Crash risks are nearly double with one passenger and increase even more with each additional passenger. This is true for all teens, even those who are responsible and trustworthy.
The most severe teen crashes occur at night. Night driving is more dangerous because of limited visibility, fatigue, and drinking drivers on the road.
With a new license, young teens have night driving restrictions that vary by state. Many serious teen driver crashes occur between 9 p.m. and midnight.
Bad weather makes driving more dangerous for all drivers. However, teen drivers do not have enough experience to react safely in bad weather.
High Speeds and High Speed Roads
As speed increases, vehicles respond more quickly to steering and more slowly to braking. Inexperienced drivers may make abrupt changes, which can make the vehicle go out of control. It takes time to learn how to handle a vehicle at high speeds. High-speed crashes have higher crash forces and are more likely to result in severe injuries.
Myths vs Facts
Responsible Teen Myth
My teen is responsible and would not drive dangerously, so is not at risk.
All teen drivers are at higher risk because they lack driving experience and judgment that only comes with time and driving.
Experienced Driver Myth
My teen had plenty of practice driving before they got their license so is not at risk.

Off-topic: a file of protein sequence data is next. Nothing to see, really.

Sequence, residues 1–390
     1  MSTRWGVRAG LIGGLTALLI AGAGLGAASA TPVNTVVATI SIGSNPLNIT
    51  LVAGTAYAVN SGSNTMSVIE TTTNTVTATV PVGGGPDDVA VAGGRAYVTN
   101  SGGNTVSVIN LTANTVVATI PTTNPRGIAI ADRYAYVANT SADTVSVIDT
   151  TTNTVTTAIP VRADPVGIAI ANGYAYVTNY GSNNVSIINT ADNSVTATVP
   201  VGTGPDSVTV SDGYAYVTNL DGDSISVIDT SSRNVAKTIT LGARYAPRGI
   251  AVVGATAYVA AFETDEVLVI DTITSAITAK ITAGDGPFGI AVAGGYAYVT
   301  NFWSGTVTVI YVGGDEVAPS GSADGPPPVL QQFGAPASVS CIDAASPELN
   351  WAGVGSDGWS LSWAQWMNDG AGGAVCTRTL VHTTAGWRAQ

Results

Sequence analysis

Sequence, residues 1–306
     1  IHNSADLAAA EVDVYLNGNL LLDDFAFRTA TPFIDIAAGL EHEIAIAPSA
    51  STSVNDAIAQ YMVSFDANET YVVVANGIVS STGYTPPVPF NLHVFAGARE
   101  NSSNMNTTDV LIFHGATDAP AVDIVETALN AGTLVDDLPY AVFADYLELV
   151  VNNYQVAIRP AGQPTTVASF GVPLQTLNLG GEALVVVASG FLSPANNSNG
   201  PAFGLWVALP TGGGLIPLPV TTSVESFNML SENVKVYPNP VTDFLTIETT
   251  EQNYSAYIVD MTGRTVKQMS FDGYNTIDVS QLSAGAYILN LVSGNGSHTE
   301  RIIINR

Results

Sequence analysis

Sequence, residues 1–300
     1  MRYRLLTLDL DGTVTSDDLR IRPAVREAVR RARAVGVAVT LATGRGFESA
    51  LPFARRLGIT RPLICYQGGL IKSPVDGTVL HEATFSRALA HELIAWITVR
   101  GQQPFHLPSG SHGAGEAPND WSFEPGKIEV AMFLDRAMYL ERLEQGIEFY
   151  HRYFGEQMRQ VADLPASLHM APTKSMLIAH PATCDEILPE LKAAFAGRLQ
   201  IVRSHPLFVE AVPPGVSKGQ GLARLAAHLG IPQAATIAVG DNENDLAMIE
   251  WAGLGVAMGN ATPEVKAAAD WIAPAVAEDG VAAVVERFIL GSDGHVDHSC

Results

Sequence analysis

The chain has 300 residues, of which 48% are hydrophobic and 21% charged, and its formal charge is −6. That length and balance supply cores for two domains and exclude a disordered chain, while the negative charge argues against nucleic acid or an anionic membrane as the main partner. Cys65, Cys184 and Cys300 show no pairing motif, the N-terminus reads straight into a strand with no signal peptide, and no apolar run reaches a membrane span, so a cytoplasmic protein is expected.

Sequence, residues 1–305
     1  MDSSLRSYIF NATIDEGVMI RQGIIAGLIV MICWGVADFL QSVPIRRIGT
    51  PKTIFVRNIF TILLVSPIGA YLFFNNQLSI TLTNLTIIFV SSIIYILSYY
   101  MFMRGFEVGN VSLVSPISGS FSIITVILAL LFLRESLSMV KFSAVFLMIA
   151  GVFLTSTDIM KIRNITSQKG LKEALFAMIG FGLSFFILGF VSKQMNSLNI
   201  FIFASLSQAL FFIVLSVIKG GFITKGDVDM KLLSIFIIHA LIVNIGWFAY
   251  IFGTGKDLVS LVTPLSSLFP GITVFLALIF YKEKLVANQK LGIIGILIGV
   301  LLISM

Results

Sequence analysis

Driver education and practice driving are only the beginning of learning to drive – becoming a safe driver, just like any skill takes time, practice and experience.
Driving with a Friend
It would be safer if my teen had a friend in the car, in case something happens.
Crash risks are nearly double with one passenger and increase even more with each additional passenger. Even “responsible” friends in the car can be distracting to a teen driver.
The licensing requirements and driving laws for teens (also known as Graduated Driver Licensing) is sufficient to protect teen drivers.
Graduated Driver Licensing is good, but is just a MINIMUM. Effective parent-imposed restrictions that go beyond the laws, increase teen safety.
Driving with Siblings
Sibling passengers are safer than other young passengers.
All young passengers are potentially distracting and at risk with a new driver – siblings are not safer.
By having a car, my teen will learn to take responsibility.
Teens with their own vehicles are at greater risk because they drive more and have fewer restrictions placed on them.
Other parents do not set limits on their teens’ driving.
Nearly all parents DO set limits, and teens appreciate knowing exactly what is expected of them. The stronger the limits, the better the safety outcomes.